Once you’re in the Kali Linux chroot environment, please do the following:

apt-get update && apt-get upgrade && msfupdate

In addition to setting up the Kali Linux chroot environment, here are a list of other tools and a quick description of each that I recommend you to install:

2X Client – Remote desktop client
AndFTP – ftp/sftp client
androidVNC – vnc viewer client
AndSMB – Android Samba client
AnyTAG NFC Launcher – Automate your phone by scanning NFC tags
APG – OpenGPG for Android
CardTest –  Test your NFC enabled credit cards
Checksum –  basically a GUI tool for md5sum and shasum tools
ConnectBot – powerful ssh client
DNS Lookup – perform DNS and WHOIS lookups
Dolphin Browser – a browser that easily allows you to change your UserAgent
DroidSQLi – automated MySQL injection tool
dSploit – Android Network Penetration Suite
Electronic Pickpocket –  wirelessly read NFC enabled cards
Exif Viewer – shows exif data from photos and can remove this information
Fast notepad – simple but useful notepad application
Find My Router’s Password – title explains it all (mostly for default passwords)
Fing – very similar to Look@LAN tool for Windows
Goomanager –  see link for more information
Hacker’s Keyboard –  Miss the easily accessible CTRL key? This app is for you
HashPass – translate text into hashes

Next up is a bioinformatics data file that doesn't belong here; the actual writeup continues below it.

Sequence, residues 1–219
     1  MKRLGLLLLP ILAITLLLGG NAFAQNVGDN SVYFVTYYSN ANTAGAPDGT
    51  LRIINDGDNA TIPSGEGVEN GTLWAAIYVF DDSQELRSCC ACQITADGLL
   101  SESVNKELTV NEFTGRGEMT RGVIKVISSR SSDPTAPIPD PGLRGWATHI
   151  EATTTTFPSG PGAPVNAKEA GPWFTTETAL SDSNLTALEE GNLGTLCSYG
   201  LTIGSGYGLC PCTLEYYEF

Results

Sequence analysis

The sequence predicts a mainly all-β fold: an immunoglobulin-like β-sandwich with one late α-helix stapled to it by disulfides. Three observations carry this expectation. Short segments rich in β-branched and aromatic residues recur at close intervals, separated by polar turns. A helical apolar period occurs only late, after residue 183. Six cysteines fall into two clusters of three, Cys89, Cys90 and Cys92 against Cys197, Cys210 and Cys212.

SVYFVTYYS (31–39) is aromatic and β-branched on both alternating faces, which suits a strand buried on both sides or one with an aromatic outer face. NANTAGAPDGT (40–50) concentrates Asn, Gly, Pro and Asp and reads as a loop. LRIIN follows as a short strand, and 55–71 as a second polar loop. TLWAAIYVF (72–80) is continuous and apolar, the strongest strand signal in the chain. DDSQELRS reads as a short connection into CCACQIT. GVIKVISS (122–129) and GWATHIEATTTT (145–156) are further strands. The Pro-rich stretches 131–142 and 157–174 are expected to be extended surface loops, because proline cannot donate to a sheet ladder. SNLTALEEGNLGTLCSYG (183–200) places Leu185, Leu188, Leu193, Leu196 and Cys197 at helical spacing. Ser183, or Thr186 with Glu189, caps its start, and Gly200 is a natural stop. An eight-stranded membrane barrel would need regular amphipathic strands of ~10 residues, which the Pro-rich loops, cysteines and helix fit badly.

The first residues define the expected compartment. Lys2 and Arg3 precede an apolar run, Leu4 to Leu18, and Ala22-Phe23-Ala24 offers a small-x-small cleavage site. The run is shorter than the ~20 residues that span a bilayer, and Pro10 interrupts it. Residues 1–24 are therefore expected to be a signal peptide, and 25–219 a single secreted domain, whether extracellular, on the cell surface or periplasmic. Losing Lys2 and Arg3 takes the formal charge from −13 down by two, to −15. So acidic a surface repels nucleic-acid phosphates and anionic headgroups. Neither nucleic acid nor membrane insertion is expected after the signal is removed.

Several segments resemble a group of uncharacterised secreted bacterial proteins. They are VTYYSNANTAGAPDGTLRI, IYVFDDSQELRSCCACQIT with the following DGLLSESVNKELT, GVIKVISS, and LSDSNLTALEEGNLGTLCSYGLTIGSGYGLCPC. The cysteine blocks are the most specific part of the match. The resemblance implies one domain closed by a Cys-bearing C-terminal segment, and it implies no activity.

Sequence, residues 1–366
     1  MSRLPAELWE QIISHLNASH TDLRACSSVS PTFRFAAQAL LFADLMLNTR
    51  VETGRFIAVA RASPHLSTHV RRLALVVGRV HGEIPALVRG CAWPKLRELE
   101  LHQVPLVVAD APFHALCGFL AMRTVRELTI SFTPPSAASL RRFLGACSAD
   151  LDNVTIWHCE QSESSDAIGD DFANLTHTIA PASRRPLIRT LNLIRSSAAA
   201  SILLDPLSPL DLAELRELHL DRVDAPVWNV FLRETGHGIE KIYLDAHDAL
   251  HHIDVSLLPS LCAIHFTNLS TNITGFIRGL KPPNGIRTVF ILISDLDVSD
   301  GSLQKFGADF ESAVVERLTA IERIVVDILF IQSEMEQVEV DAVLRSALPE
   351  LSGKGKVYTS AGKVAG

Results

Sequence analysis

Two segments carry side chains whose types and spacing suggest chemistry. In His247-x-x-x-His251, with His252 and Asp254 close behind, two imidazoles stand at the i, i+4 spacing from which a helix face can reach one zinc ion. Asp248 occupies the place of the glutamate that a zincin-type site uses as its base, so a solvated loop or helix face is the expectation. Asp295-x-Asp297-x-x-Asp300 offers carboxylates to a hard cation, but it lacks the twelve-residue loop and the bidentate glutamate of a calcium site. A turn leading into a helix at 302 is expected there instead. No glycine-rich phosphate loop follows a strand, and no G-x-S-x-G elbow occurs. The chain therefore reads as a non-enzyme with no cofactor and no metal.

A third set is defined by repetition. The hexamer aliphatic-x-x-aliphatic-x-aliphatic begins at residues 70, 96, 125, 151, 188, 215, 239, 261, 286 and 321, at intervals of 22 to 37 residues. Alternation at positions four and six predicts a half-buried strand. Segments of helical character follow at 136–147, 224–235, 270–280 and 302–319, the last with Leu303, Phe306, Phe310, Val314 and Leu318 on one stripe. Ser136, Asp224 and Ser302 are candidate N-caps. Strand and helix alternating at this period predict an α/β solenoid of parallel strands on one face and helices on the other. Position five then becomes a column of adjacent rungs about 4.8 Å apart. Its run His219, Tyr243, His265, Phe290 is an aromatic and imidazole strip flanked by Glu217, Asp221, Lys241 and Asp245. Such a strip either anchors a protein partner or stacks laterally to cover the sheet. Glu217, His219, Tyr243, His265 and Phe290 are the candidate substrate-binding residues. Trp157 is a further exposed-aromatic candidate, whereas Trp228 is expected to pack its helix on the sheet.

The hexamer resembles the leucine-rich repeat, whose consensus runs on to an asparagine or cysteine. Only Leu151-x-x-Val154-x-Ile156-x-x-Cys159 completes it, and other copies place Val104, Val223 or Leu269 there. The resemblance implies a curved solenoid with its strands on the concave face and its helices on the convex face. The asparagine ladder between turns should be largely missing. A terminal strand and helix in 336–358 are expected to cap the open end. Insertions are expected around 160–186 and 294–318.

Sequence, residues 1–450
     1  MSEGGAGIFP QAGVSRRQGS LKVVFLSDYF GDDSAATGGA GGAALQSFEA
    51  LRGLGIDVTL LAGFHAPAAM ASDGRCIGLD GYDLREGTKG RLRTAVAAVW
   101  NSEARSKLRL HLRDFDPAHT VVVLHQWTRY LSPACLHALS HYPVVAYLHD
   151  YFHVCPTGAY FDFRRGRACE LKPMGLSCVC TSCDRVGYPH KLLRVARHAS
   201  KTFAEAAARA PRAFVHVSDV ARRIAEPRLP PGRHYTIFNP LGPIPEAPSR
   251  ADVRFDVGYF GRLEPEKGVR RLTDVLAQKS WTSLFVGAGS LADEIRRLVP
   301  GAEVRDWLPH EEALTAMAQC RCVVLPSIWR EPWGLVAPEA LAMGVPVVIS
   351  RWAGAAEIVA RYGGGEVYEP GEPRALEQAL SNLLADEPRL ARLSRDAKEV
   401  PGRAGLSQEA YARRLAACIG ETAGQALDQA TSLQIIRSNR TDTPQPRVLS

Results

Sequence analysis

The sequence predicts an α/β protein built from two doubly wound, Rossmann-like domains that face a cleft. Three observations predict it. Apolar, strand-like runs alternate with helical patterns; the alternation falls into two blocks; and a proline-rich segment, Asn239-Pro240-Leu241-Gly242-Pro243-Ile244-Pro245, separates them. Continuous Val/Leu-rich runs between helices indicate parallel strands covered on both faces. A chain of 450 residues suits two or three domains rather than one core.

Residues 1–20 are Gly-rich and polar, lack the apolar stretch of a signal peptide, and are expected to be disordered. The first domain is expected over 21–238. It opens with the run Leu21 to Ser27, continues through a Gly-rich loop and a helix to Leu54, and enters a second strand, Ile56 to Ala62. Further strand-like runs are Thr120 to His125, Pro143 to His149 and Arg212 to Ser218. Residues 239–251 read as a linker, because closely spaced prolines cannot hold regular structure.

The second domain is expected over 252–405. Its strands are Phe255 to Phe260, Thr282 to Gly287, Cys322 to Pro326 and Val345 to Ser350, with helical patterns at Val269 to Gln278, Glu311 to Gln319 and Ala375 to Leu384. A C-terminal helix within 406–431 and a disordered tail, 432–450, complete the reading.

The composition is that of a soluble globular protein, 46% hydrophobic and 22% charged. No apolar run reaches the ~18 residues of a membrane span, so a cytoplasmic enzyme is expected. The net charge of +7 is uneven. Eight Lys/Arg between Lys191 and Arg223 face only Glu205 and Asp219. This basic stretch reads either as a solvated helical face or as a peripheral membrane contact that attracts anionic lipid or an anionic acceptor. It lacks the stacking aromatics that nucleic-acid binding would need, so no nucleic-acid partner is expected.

Hex Editor –  a very usable hex editor for Android
inSSIDer – wireless network scanner
intercepter-NG – multi-function network tool, sniffer, cookie intercepter, arp poisoner
IP info Detective – find out all sorts of info on an IP address
IP Webcam – turn your Android device into an IP security camera
Network Signal Info – basically a graphical tool for iwconfig
NFC Reader – used for reading various NFC technologies including some keycards
NFC ReTAG – Re-use/recycle write protected NFC Tags such as hotel key-cards, access badges, etc
NFC TagInfo -another NFC reader
OpenVPN Connect – open vpn client
Orbot – tor on Android
Packet Injection – poorman’s GUI version of scapy
ProxyDroid – use your socks5 proxy with this application
Root Browser – great file manager for Android
Routerpwn – test how secure your router is
SandroProxy – kind of like Webscarab
Secret Letter – a  poorman’s stegonagraphy tool
SSHDroid – openssh server for android
Supersu – manage what programs access root functions
Teamviewer – remotely control Windows, OSX, and Linux based systems
Terminal Emulator – no explanation needed
tPacketCapture – packet sniffer that doesn’t require root
VirusTotal Uploader – test your malicious payloads
Voodoo OTA RootKeeper – maintain root access even after updates
Wifi File Transfer – access files on your phone from a web browser via an http server
WifiFinder – simple wireless scanner
WiGLE Wifi wardriving – wardriving/warwalking application

Of course this is probably not complete, but I believe this is a very good suite of tools to get one started. If you can think of any more tools or if you have any suggestions, please feel free to leave a comment below.